A Ukrainian national (the Appellant) was refused asylum claim by the Secretary of State (the Respondent), however the refusal was successfully appealed on the ground that the removal of the Appellant from the UK would breach his Article 3 ECHR right, which prohibits inhuman or degrading treatment or punishment.
The Appellant is a Ukrainian national with Russian background, illustrated by a Russian military card, who had continuously ignored summons for military service in Ukraine. After obtaining a UK visa, the Appellant claimed asylum on the basis of his fear of harsh treatment and possibility of being forced to fire upon “fellow Russians” upon his return to Ukraine. The Respondent has argued that the Appellant did not provide sufficient evidence of his Russian background or military summons, which were allegedly destroyed by his wife who stayed in Ukraine.
The Judge noted that ill-treatment is not as severe as prosecution, however he admitted that the Appellant would likely be treated as draft evader in Ukraine. Despite the argument that Ukraine offers some alternatives to military service, which the Appellant did not consider, the Judge noted, with reference to the case of RY 2016, that there was a reasonable degree of likelihood that the Appellant would be at risk of being detained as a draft evader, especially provided his Russian background.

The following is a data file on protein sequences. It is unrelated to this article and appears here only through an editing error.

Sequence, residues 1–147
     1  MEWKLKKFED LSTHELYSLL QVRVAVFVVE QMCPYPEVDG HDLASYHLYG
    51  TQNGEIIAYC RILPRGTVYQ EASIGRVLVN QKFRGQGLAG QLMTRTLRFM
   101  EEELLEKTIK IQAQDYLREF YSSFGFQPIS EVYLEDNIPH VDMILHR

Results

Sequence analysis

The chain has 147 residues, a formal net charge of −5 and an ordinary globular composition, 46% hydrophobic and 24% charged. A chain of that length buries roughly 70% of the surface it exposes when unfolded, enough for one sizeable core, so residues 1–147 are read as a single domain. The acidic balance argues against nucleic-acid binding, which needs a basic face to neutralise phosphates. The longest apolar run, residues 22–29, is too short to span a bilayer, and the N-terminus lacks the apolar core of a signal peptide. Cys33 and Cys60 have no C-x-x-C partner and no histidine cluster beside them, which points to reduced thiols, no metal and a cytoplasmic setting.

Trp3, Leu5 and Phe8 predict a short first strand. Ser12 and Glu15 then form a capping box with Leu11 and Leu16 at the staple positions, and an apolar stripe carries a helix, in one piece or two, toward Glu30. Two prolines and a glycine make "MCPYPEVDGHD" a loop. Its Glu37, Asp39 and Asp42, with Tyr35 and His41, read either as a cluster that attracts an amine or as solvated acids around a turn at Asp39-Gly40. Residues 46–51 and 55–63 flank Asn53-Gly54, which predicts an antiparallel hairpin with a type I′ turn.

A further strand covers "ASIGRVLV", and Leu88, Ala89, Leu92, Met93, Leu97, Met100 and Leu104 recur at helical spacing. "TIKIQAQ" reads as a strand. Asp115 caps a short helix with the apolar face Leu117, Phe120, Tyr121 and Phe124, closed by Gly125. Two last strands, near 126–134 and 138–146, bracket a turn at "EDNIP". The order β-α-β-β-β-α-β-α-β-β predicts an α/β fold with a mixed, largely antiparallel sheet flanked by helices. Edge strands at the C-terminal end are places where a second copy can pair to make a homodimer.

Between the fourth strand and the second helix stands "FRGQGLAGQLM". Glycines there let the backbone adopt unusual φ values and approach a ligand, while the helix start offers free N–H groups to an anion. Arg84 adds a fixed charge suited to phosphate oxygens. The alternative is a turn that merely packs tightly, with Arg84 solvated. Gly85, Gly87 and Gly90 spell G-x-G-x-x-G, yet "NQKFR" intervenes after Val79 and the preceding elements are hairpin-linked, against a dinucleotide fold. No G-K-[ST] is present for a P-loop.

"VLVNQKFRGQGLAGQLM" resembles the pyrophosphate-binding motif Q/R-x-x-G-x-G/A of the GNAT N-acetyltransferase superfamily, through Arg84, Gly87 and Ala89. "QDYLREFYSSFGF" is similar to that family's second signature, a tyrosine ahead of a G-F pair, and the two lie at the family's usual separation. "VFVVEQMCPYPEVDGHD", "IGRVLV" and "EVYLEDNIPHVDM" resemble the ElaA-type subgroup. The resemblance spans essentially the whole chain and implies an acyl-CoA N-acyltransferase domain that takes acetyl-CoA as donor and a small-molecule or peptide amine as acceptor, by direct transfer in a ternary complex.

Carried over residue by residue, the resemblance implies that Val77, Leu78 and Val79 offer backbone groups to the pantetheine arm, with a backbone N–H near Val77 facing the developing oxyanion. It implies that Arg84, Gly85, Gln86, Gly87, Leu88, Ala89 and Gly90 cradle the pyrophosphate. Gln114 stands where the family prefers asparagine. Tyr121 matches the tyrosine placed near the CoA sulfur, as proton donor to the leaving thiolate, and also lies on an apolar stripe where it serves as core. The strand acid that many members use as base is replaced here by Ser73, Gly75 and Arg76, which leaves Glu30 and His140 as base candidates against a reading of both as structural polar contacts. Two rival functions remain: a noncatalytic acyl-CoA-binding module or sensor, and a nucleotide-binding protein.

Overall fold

Together with an expert confirming the genuineness of the Appellant’s Russian military card and one summon letter, the evidence and arguments presented led to the Judge finding that the refusal to grant asylum to the Appellant could breach Article 3 rights.
On this basis, the appeal was allowed.